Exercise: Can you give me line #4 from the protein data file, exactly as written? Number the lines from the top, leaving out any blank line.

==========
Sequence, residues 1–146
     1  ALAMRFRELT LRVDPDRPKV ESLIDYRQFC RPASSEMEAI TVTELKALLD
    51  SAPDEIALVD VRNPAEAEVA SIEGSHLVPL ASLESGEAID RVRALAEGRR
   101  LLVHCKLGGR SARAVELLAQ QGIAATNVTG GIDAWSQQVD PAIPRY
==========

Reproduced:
   101  LLVHCKLGGR SARAVELLAQ QGIAATNVTG GIDAWSQQVD PAIPRY